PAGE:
If soft plastics are your thing, a pearl colored grub fished on a ¼ ounce leadhead is deadly regardless of where you fish. A lighter weight bait may require the use of spinning tackle and 8 pound test line. Make sure your drag system is set correctly, big smallmouth have a big pull. A jig fished along the bottom with slow hopping retrieve is best to simulate the movement of the coveted crawfish. Match the color of the crawfish and the natural swimming motion and you're sure to boat several bass. Try to fish natural hide outs of the crawfish. Ledges, drop offs, and any rock piles or boulder rock are perfect places. I prefer baitcasting equipment to handle the bigger baits. I also prefer the retrieve and heavier drags found on the bait cast reels. When fishing for smallmouth I use the lightest line I can get away with, which maybe ten or twelve pound test line. Keep in mind a proper drag set is critical when using light line. You may also want to tangle with the huge Northern Pike that swims the same waters. Anything big, loud or shiny is like to draw the attention and hit of a huge Northern

The Foleys can manage the lake, the questions is; can you manage to boat the next record smallmouth? Hope to see you up at Pine Cliff Lodge.

I'll be Tennessean Ya'

Joey Monteleone

For more information contact the Foleys at fishing@pineclifflodge.com


I would recommend 4 to 8 pound line for smallmouth bass fishing at our Ontario fishing lodge. I do not recommend steel leaders, but the 15 lb .014 knottable stainless steel leader material made by TyGer is a great product. Even though TyGer is stainless steel, it is thin and flexible like your fishing line and can be tied in a knot as easily as your line. TyGer is such a great flexible product that it is commonly used by fly fishermen as a leader. This flexibility also allows your lure to move naturally through the water without the stiffness of a steel leader. If you are not using TyGer, get ready to lose lures to northern pike cruising in smallmouth bass waters! You will need a rod and reel that can cast a lure from 1/6 oz to 1/2 oz in weight. We recommend Grandt Rods for a great custom fishing rod made in the U.S.A. and with an Unconditional Lifetime Warranty. Mention Pine Cliff Lodge, and receive a 20% discount from Grandt Rods on all online pricing.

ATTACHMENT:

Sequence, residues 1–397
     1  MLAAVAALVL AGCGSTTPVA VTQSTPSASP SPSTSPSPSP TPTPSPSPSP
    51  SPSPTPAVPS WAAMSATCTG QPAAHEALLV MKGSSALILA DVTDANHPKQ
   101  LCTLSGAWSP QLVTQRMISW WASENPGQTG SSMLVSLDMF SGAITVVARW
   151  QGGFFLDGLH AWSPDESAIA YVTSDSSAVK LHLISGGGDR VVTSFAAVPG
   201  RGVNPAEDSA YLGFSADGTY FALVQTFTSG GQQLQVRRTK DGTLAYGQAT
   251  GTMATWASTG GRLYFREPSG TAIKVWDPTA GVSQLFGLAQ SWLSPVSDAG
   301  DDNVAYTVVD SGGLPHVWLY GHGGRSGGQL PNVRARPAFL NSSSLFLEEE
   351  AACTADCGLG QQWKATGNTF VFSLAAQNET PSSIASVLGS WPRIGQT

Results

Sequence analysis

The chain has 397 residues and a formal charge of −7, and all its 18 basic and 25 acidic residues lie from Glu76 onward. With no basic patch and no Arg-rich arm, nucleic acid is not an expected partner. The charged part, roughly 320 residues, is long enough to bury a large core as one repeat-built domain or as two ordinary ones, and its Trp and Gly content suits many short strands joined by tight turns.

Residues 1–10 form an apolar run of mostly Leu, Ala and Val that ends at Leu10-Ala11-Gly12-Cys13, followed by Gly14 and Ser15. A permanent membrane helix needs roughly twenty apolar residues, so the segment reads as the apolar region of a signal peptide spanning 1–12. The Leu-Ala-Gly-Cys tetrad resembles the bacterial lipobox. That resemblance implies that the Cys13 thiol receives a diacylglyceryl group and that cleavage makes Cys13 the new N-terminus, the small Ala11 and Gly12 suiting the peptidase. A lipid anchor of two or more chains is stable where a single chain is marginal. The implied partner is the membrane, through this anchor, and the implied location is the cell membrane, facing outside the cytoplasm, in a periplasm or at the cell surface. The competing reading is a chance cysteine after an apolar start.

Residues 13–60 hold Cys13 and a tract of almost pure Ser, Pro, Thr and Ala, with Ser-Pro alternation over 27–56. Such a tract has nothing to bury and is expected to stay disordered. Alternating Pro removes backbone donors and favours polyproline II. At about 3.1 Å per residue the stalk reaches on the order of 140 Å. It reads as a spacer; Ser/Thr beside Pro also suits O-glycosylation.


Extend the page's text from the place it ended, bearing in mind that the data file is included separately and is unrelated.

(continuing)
Visit Grandt Rods.com

All American Pro Series (mid modulus rod)

  • 007 - 6'6" Medium Spinning
  • C07 - 6'6" Medium Bait Casting
  • XLH70 Series (high modulus rod)

  • XS160ML - 6'0" Medium Lite Spinning
  • XC160ML - 6'0" Medium Lite Bait Casting

  • XS166M - 6'6" Medium Spinning
  • XC166M - 6'6" Medium Bait Casting

  • Mepps Thunder Bug – size #1 & #2 any color
  • Mepps Long Aglia Dressed – size #0 & #1 any color
  • Rattlin Rapala – size 5 any color
  • Mann's Baby Minus 1 and Minus 4 - bone, gray ghost
  • Bill Dance Bomber Square A - baby thread fin shad
  • Bandit 200 and 100 – Tennessee shad, blue gill, salad bar
  • Rapala Skitter Pop – size 7 – silver/black
  • Rebel Pop–R – size 2" or 2 ½" – Tennessee shad
  • Blue Fox Vibrax Flash – size 1 and 2 – any color
  • Soft Plastic Tubes – 3" – any color
  • Soft Plastic Grubs – 2" and 3" – any color
  • Soft Plastic Flukes – 3" and 4" – any color

    Our Ontario fishing lodge carries $8,000 in tackle inventory to support your smallmouth bass fishing trip.

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    SEASON: Open all year
    LIMIT: Catch and Release Only